Somewhat far-fetched and slender, but unique and weirdly imaginative.

THE TATTOO ARTIST

Ciment (Teeth of the Dog, 1999, etc.) explores the long, strange life of a New Yorker who moves from Dada art to the art of tattooing.

Young Sara Rabinowitz, freethinking daughter of Orthodox Jewish immigrants to New York’s Lower East Side, finds work as a seamstress in the Ladies Waist Makers’ Union and spends her leisure time as a bohemian in pre-WWI Greenwich Village. Sara has a fiery affair with banker’s-son-turned-artist/revolutionary Philip Ehrenreich, who introduce her to Marxism and calls her “America’s great avant-garde hope.” The Depression, however, is hard on the couple, and Philip accepts a commission from a rich Swiss industrialist to scare up primitive art on the South Sea island of Ta’un’uu. Just before the outbreak of WWII, the Ehrenreichs are dumped on the island, where they look pretty ridiculous dressed in finery and offering cheap trinkets for trade. The natives ignore them until a terrible lightning storm kills several of the tribe; Philip and Sara are culpable, the locals conclude, and must endure retribution by having their faces tattooed. Thus begins Sara’s grisly and eventually liberating transformation, from a being whose scarred face “can no longer convey any sentiments of her own” to a revered elder tattoo artist whose craft brings to the surface the true self. Sara roughs it on the island for 30 years and might have forgotten New York altogether if a crew from Life magazine hadn’t arrived on the beach one day. A curious work that moves back and forth in time and place.

Somewhat far-fetched and slender, but unique and weirdly imaginative.

Pub Date: Aug. 23, 2005

ISBN: 0-375-42325-7

Page Count: 224

Publisher: Pantheon

Review Posted Online: May 20, 2010

Kirkus Reviews Issue: June 15, 2005

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ANIMAL FARM

A FAIRY STORY

A modern day fable, with modern implications in a deceiving simplicity, by the author of Dickens. Dali and Others (Reynal & Hitchcock, p. 138), whose critical brilliance is well adapted to this type of satire. This tells of the revolt on a farm, against humans, when the pigs take over the intellectual superiority, training the horses, cows, sheep, etc., into acknowledging their greatness. The first hints come with the reading out of a pig who instigated the building of a windmill, so that the electric power would be theirs, the idea taken over by Napoleon who becomes topman with no maybes about it. Napoleon trains the young puppies to be his guards, dickers with humans, gradually instigates a reign of terror, and breaks the final commandment against any animal walking on two legs. The old faithful followers find themselves no better off for food and work than they were when man ruled them, learn their final disgrace when they see Napoleon and Squealer carousing with their enemies... A basic statement of the evils of dictatorship in that it not only corrupts the leaders, but deadens the intelligence and awareness of those led so that tyranny is inevitable. Mr. Orwell's animals exist in their own right, with a narrative as individual as it is apt in political parody.

Pub Date: Aug. 26, 1946

ISBN: 0452277507

Page Count: 114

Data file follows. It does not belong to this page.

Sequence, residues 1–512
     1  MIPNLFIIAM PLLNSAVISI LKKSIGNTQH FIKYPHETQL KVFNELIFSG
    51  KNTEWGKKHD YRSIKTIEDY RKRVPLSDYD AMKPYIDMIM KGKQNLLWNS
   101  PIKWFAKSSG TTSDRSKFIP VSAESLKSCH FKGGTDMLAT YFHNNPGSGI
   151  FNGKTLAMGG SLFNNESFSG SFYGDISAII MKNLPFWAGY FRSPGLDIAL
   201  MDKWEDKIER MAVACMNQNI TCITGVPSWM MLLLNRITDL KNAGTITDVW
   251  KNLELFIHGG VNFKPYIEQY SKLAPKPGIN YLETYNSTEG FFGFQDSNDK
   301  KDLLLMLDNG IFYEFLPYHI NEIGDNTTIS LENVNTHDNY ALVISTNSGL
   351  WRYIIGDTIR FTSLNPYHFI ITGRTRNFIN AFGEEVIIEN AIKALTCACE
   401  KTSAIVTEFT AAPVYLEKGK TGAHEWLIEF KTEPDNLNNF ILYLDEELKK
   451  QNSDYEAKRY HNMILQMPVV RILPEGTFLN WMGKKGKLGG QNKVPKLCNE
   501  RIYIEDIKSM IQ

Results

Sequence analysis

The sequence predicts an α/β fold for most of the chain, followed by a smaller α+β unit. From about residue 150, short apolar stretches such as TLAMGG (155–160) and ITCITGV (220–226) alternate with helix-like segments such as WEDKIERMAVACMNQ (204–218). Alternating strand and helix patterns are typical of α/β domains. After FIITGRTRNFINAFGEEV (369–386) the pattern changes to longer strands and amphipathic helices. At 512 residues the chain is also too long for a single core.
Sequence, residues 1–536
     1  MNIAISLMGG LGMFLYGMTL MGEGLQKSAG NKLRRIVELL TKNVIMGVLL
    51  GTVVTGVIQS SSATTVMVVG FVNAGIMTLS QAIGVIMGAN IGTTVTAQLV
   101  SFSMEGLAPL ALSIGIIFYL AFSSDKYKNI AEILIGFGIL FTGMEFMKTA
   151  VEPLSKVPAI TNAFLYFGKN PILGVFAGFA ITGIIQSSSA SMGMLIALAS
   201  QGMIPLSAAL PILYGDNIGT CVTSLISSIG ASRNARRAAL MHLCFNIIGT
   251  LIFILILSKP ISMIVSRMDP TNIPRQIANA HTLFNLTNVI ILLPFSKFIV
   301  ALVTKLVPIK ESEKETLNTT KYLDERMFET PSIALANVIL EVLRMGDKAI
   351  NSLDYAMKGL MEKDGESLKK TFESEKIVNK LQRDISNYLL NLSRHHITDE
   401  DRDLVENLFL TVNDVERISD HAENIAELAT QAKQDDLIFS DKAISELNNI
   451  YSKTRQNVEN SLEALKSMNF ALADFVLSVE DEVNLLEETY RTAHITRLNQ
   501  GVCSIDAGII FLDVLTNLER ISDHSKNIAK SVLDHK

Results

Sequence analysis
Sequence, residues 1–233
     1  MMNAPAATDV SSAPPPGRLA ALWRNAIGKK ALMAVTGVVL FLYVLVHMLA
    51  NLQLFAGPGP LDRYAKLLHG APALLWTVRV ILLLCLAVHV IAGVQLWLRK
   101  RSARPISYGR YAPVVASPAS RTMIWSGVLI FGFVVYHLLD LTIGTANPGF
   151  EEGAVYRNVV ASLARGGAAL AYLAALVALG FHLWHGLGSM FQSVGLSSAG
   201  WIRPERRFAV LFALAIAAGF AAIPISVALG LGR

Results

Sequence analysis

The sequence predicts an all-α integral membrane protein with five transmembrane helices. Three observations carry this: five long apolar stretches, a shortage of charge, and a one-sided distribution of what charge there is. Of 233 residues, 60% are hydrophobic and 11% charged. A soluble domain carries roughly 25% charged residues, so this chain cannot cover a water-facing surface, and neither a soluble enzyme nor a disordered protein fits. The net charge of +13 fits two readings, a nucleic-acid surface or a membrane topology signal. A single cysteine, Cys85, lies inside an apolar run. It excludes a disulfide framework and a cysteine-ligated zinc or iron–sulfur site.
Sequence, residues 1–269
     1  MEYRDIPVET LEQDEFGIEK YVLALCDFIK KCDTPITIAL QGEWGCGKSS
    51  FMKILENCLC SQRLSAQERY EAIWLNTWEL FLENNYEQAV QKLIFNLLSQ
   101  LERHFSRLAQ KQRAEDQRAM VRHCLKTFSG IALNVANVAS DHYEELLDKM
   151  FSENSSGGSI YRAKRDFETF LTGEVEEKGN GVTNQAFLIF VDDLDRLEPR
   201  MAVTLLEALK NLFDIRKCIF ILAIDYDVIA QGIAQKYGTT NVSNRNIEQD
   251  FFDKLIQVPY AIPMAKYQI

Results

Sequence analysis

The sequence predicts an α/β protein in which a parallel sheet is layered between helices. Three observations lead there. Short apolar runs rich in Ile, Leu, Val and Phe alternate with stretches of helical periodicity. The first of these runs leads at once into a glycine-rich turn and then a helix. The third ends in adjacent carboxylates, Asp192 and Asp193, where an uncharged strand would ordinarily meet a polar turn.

Publisher: Harcourt, Brace

Review Posted Online: Nov. 2, 2011

Kirkus Reviews Issue: Aug. 1, 1946

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Doerr captures the sights and sounds of wartime and focuses, refreshingly, on the innate goodness of his major characters.

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ALL THE LIGHT WE CANNOT SEE

Doerr presents us with two intricate stories, both of which take place during World War II; late in the novel, inevitably, they intersect.

In August 1944, Marie-Laure LeBlanc is a blind 16-year-old living in the walled port city of Saint-Malo in Brittany and hoping to escape the effects of Allied bombing. D-Day took place two months earlier, and Cherbourg, Caen and Rennes have already been liberated. She’s taken refuge in this city with her great-uncle Etienne, at first a fairly frightening figure to her. Marie-Laure’s father was a locksmith and craftsman who made scale models of cities that Marie-Laure studied so she could travel around on her own. He also crafted clever and intricate boxes, within which treasures could be hidden. Parallel to the story of Marie-Laure we meet Werner and Jutta Pfennig, a brother and sister, both orphans who have been raised in the Children’s House outside Essen, in Germany. Through flashbacks we learn that Werner had been a curious and bright child who developed an obsession with radio transmitters and receivers, both in their infancies during this period. Eventually, Werner goes to a select technical school and then, at 18, into the Wehrmacht, where his technical aptitudes are recognized and he’s put on a team trying to track down illegal radio transmissions. Etienne and Marie-Laure are responsible for some of these transmissions, but Werner is intrigued since what she’s broadcasting is innocent—she shares her passion for Jules Verne by reading aloud 20,000 Leagues Under the Sea. A further subplot involves Marie-Laure’s father’s having hidden a valuable diamond, one being tracked down by Reinhold von Rumpel, a relentless German sergeant-major.

Doerr captures the sights and sounds of wartime and focuses, refreshingly, on the innate goodness of his major characters.

Pub Date: May 6, 2014

ISBN: 978-1-4767-4658-6

Page Count: 448

Publisher: Scribner

Review Posted Online: March 6, 2014

Kirkus Reviews Issue: March 15, 2014

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